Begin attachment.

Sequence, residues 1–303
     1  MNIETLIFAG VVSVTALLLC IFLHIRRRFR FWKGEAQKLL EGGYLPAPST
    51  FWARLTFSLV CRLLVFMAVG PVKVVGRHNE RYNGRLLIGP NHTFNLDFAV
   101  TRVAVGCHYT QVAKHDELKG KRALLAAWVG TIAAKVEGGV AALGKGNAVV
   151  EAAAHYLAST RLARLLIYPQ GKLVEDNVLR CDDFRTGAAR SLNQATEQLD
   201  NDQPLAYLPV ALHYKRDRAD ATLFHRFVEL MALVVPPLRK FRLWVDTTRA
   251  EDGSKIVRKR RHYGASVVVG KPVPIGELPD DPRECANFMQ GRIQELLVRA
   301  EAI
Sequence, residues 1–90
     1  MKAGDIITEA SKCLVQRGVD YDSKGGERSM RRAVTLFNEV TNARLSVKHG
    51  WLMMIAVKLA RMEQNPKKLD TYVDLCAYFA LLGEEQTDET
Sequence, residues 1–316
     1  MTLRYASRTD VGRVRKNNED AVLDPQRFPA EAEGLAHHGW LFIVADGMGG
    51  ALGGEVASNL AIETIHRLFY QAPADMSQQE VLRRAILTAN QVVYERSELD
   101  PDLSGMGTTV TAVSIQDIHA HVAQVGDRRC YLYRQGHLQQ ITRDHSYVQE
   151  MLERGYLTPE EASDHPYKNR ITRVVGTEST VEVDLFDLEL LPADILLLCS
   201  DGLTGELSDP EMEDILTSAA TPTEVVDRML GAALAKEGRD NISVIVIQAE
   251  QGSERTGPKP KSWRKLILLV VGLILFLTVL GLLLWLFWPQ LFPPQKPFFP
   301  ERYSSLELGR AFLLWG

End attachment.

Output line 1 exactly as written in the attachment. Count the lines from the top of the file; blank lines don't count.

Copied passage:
Sequence, residues 1–303